Wow. This story keeps getting curioser and curioser.
And the normalization circus is now quickly turning into Alice in Wonderland.
“Curiouser and curiouser!’ cried Alice (she was so much surprised, that for the moment she quite forgot how to speak good English).” See Chapter 2 of Alice.
Why wouldn’t State Department porte-parole John Kirby deny that the “lost” missile might have actually been sold to the Castronoids?
Why is a spokesman like a wriggly worm? Why is a Hellfire missile like a hairshirt? As the Mad Hatter would ask: “Why is a raven like a writing desk?”
Guess away, guess away…. The normalization circus has pulled out a new riddle-and evasion-riddled act called “the Mad Hatter’s Cuban Tea party” See Chapter 7 of Alice.
Or… just take a look at the video embedded above.
From The Blaze.
“But I don’t want to go among mad people,” Alice remarked.
“Oh, you can’t help that,” said the Cat: “we’re all mad here. I’m mad. You’re mad.”
“How do you know I’m mad?” said Alice.
“You must be,” said the Cat, “or you wouldn’t have come here.” Chapter 6.
See Answer Reporter Gets When He Asks State Dept Spokesman Point Blank if U.S. Sold Cuba Hellfire Missile
One day after the Wall Street Journal revealed that a dummy U.S. hellfire missile was mistakenly shipped from Europe to Cuba in 2014, the State Department refuses to deny whether or not it was sold to the Cuban government.
“I am restricted, under federal law and regulations, from commenting on the specific defense trade, licensing cases and compliance matters,” State Department spokesman John Kirby said during a press conference Friday.
“What I can say is under the Arms Export Control Act, the State Department licenses both permanent and temporary exports by U.S. companies of regulated defense articles,” Kirby added.
The State Department spokesman went on to say that it is U.S. companies that are responsible for documenting their shipping logistics and are responsible for reporting any shipping deviations to the federal government. Previous reports indicated that Lockheed has been attributed with the shipping error that lead to the improper shipment.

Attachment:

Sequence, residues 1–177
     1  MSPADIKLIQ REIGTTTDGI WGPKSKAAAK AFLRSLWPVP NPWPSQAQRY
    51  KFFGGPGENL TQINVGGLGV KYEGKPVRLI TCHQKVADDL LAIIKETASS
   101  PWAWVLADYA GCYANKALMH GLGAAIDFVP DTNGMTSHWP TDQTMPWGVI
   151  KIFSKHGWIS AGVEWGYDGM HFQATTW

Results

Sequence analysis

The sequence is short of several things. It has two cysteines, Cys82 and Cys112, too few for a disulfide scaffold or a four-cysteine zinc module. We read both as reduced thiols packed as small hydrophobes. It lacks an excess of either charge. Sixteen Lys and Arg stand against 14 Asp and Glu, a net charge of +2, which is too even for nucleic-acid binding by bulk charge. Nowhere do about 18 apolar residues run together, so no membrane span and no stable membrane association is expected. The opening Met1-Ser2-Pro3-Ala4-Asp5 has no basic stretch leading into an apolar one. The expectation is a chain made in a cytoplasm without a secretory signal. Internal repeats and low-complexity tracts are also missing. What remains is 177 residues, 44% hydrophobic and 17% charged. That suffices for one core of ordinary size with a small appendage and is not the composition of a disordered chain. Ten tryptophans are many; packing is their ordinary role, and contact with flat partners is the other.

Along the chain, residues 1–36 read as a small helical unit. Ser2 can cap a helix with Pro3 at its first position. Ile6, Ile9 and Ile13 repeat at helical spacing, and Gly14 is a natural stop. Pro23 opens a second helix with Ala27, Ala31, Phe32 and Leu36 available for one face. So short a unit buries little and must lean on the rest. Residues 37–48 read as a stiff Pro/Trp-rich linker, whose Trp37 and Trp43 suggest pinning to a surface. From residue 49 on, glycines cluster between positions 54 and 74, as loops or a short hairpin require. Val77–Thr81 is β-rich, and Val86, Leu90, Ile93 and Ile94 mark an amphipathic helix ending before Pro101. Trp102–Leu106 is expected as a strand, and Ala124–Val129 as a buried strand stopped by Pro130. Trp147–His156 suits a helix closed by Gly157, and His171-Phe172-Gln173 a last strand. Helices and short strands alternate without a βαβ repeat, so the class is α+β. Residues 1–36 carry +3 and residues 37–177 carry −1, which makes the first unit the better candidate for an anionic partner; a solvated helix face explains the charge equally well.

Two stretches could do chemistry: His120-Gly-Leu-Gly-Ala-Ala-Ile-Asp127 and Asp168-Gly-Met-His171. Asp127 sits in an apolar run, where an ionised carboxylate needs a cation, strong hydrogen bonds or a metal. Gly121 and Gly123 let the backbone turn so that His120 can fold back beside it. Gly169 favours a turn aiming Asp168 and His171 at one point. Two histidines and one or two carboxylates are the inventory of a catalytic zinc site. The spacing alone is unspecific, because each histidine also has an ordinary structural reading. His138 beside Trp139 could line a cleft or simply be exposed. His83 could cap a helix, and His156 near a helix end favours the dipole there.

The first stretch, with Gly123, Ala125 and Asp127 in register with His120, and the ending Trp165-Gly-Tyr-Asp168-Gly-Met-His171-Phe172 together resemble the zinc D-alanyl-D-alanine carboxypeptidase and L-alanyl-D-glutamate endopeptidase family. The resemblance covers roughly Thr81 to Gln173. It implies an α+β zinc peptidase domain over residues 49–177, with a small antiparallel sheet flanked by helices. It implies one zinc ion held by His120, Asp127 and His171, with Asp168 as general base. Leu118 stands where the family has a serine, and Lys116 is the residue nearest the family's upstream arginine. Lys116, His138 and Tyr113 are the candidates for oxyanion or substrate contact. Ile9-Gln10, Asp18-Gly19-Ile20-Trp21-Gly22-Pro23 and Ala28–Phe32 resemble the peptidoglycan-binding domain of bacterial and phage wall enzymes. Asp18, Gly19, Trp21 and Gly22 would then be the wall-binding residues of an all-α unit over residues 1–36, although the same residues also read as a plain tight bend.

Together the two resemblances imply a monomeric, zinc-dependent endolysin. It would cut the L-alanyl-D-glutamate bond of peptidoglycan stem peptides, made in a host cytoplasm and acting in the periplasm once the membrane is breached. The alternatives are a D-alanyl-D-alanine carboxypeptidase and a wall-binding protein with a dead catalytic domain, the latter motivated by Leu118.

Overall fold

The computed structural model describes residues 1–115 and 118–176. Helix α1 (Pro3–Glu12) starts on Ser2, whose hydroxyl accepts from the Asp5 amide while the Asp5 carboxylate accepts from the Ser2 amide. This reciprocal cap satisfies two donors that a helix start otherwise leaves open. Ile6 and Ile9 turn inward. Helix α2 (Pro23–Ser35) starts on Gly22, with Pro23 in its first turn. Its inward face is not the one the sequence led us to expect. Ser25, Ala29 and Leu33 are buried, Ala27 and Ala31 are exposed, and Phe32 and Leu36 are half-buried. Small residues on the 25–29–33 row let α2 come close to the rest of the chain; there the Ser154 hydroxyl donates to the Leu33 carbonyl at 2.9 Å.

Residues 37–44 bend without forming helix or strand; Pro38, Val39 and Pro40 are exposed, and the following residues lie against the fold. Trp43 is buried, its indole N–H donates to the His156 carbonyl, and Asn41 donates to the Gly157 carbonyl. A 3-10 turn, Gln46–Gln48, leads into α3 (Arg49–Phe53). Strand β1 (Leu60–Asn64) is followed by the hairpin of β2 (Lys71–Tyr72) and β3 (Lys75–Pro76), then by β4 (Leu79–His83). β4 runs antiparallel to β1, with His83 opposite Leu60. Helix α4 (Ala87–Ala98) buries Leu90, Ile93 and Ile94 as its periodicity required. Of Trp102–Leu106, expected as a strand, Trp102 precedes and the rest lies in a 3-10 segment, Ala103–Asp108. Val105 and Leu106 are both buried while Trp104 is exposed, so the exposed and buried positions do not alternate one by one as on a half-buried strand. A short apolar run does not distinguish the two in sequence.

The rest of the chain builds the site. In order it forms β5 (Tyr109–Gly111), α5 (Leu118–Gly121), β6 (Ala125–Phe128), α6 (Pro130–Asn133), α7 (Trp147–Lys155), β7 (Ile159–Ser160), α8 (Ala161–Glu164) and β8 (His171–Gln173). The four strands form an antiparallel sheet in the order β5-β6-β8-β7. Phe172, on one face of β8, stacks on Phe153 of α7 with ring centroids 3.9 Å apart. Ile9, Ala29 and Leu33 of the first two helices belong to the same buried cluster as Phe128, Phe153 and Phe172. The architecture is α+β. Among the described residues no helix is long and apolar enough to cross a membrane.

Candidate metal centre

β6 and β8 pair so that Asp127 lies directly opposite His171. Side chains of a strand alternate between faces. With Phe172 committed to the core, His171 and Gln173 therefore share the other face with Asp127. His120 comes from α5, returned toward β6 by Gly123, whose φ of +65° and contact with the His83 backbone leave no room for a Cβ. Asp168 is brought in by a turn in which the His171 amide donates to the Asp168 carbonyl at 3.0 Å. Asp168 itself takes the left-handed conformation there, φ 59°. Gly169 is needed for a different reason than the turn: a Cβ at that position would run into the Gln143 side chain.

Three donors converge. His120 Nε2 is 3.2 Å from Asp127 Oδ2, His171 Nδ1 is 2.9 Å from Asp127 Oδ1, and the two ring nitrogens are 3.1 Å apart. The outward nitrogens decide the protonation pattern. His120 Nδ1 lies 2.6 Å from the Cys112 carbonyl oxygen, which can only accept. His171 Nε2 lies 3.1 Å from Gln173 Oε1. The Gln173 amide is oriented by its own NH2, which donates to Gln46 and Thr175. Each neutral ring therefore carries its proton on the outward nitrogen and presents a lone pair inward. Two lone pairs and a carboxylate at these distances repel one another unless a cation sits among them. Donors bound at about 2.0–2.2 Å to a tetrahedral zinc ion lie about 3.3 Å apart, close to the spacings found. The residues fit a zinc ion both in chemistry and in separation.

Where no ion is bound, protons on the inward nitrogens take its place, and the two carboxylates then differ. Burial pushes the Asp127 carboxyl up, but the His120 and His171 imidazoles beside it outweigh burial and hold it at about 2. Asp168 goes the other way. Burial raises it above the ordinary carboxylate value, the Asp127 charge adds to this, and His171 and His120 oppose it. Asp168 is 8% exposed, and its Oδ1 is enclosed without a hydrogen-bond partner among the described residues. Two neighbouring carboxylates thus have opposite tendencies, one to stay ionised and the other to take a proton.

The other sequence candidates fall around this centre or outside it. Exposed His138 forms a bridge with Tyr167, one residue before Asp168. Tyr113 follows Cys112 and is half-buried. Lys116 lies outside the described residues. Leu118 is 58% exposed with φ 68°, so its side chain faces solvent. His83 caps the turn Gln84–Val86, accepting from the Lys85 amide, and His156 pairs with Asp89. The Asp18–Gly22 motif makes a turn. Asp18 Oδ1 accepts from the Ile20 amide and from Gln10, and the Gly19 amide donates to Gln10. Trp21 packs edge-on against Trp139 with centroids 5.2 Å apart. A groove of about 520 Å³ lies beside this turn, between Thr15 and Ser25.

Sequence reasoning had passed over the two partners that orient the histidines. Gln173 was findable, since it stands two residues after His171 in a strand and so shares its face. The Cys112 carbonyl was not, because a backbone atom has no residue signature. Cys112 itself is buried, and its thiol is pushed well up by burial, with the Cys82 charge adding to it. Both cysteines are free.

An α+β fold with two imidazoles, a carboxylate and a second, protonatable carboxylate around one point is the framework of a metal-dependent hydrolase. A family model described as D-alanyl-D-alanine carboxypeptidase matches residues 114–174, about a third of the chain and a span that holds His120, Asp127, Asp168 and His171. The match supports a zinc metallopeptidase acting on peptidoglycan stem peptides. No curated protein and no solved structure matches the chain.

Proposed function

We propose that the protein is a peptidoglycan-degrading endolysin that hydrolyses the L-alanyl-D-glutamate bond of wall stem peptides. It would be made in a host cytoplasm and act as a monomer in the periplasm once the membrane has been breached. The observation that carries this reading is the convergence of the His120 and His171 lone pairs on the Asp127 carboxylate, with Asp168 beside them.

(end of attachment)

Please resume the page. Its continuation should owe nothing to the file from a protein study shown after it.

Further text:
When pressed for more detail, Kirby said he’s “not at liberty to comment further.” But that did not stop reporters from pressing the official on the issue.
“You’re not suggesting that you actually sold this to the Cubans?” one reporter asked Kirby. ”I don’t understand why you can’t say, ‘No, we didn’t sell this to the Cubans, it got there by accident by mistake.’”
“You want to leave open the possibility that our government sold or gave a hellfire missile, intentionally, to the government of Cuba?” the reporter continued, seemingly agitated.
The missile, now allegedly in Cuban possession, did not contain explosives, according to the Journal, but there are concerns over the potential for the Cubans to share the defense technology with U.S. adversaries like North Korea or Russia.
U.S. officials have been urging the Cuban government to return the missile. In addition, the U.S. government is reportedly investigating whether or not the missile’s disappearance was an intentional act of espionage.